‘D-War’ director banned from leaving country

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‘D-War’ director banned from leaving country


Shim Hyung-rae

Film producer and director Shim Hyung-rae has been banned from leaving the country on suspicions that he embezzled 4.1 billion won ($3.7 million) of his company’s money and remodeled manufactured firearms.

The Seoul Metropolitan Police Agency said Shim, 54, the CEO of Younggu Art and director of “D-War” (2007) and “The Last Godfather” (2010), has also been under investigation since August for failing to pay about 800 million won in employee wages and other charges.

The police said it banned Shim, formerly a well-known comedian, from traveling because he is a flight risk due to the massive amount of debt he has accumulated.

According to police, Shim suddenly shut down Younggu Art on July 19 and told the Korean media that he couldn’t maintain the business because the company was 41 billion won in debt.


A few weeks later, 43 former employees of Younggu Art filed a petition with the Ministry of Employment and Labor on Aug. 1 for unpaid wages and severance payments worth 891.53 million won. The employees filed a lawsuit against Younggu Art on Oct. 1.

When the police summoned Shim and Younggu Art employees for questioning in August, the employees raised new allegations against him, claiming that he had embezzled about 4.1 billion won in company funds from 2008 to 2010 and used the money to gamble and to bribe high-ranking government officials in order to receive financial support for the company.

The employees said that Shim frequently visited a casino in Jeongseon, Gangwon, and would order employees to wire money to him when he ran out of cash.

The employees also claimed that Shim had manufactured 10 tear gas guns and refitted them as BB guns and said that he used the guns to fire BB gun pellets at employees on several occasions.

They said Shim told employees he would give them 100,000 won if they could avoid being hit.

Shim denies the allegation and insists the guns were props for a movie.

A former Younggu Art employee, who asked to remain anonymous, told the Korea JoongAng Daily that “He didn’t pay us, but used company funds for his private use and fooled around with loaded BB guns.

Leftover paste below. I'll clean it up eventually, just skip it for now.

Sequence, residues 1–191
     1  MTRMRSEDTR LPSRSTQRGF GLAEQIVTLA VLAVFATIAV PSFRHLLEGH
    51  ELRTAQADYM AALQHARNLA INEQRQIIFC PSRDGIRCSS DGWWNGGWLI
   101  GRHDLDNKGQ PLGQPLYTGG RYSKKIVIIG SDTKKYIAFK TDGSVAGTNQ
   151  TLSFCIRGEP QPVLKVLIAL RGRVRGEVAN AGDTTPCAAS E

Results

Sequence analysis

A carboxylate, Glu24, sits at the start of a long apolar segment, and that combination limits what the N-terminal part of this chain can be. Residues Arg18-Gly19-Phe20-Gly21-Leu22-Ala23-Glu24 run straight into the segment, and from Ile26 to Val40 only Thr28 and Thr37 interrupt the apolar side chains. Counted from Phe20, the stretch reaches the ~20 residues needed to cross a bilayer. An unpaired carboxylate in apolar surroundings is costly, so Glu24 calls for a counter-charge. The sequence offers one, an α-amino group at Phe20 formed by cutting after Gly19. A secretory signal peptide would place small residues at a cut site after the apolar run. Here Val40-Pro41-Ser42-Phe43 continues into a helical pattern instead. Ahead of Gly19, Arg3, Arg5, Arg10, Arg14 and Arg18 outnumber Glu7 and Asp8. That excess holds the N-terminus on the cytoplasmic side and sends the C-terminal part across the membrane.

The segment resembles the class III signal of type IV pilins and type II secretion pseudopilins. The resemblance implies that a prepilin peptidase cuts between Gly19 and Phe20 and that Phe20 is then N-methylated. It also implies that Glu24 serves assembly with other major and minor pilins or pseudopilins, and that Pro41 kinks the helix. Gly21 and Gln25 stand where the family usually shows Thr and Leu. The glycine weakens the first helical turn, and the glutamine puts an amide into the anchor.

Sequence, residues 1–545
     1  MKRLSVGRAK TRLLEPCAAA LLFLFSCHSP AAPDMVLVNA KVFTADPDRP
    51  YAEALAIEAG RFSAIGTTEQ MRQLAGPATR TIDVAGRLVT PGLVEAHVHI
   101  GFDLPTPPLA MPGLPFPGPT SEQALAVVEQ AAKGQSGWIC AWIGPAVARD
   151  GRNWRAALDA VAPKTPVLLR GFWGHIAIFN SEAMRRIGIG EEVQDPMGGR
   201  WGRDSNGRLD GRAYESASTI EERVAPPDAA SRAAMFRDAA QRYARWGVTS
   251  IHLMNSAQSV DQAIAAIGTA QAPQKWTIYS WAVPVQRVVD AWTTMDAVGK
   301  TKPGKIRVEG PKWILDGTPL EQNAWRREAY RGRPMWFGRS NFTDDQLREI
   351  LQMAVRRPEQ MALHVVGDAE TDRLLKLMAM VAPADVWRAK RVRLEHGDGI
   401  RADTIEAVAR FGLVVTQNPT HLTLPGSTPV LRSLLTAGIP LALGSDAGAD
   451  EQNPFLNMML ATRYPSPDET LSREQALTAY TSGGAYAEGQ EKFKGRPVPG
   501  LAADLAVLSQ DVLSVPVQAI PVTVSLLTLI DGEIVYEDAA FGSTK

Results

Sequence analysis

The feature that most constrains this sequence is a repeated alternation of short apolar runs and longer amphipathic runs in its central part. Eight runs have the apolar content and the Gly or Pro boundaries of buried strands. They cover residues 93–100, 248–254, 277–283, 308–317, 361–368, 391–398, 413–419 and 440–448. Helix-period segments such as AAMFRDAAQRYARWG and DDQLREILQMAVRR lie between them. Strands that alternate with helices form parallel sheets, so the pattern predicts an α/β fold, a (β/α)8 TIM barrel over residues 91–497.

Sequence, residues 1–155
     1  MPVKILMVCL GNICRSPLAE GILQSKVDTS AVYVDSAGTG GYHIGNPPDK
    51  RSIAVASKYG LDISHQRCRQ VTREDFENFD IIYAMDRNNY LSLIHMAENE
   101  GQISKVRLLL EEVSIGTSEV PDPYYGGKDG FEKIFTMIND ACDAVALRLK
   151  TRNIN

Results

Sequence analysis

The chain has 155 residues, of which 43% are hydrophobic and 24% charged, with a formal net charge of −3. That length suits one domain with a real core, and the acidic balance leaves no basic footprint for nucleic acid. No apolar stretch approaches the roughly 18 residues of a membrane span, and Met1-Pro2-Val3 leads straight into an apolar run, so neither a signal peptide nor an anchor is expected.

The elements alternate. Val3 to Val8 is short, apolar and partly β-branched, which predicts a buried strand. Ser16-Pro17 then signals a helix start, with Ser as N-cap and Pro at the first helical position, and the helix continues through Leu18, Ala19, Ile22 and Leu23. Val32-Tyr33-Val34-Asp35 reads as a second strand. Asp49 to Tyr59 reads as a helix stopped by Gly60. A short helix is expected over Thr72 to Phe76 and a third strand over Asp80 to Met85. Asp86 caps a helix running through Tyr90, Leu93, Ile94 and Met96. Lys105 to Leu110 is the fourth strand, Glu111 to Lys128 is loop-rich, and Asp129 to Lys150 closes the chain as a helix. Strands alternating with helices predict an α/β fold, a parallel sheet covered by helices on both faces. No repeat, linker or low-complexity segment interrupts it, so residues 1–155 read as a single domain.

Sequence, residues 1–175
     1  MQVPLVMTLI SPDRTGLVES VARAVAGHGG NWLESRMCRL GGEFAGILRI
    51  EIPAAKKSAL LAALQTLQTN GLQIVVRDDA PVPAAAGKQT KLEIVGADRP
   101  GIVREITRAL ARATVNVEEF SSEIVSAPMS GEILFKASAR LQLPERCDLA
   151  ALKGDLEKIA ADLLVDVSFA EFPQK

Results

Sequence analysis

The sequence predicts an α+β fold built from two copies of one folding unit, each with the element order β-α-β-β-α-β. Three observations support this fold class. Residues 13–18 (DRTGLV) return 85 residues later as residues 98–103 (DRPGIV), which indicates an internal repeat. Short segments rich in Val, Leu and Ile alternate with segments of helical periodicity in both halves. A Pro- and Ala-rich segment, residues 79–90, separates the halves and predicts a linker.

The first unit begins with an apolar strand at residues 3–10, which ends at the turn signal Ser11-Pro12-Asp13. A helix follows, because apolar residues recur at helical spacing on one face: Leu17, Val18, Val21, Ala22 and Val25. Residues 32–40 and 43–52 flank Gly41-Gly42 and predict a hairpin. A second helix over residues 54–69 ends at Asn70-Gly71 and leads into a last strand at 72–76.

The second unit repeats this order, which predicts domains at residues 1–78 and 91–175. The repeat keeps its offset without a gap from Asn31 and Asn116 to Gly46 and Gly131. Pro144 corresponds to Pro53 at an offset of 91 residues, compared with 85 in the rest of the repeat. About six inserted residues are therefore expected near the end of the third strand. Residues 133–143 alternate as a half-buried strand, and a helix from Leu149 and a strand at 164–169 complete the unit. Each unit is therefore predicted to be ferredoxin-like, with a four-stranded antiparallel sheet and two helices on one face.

“He giggled when employees tried to avoid the bullets.”

Shim has admitted that the company has failed to pay employee wages but has denied the other allegations, including the incident with the BB gun and charges that he used company money to gamble.

Employees also said that Shim had tried to borrow about 10 billion won for movie production expenses and to pay off his debt. They also said that he has been keeping a secret notebook containing a list of about 400 Korean actresses and singers that he planned to use to attract investors.

Shim is also facing allegations that he received favors from government agencies. The allegations were raised during the Parliamentary inspection held in September.

According to Grand National Party lawmaker Lee Sang-kwon, Korea Trade Insurance Corporation allegedly guaranteed a 3 billion won bank loan for Shim to support production of “The Last Godfather” in 2008.

Lee said that although it was the corporation’s policy at the time not to subsidize films with production budgets more than 8 billion won, as was the case with “The Last Godfather,” it adjusted the policy in order to accommodate Younggu Art’s request.

Lee said that the company’s application for funding included the false claim that actors Robert De Niro and Andy Garcia had signed on with the film. The police said that a total of 4.2 billion won was given to Shim, but it is now impossible to retrieve the investment as Younggu Art is now bankrupt.

By Kwon Sang-soo [sakwon80@joongang.co.kr]
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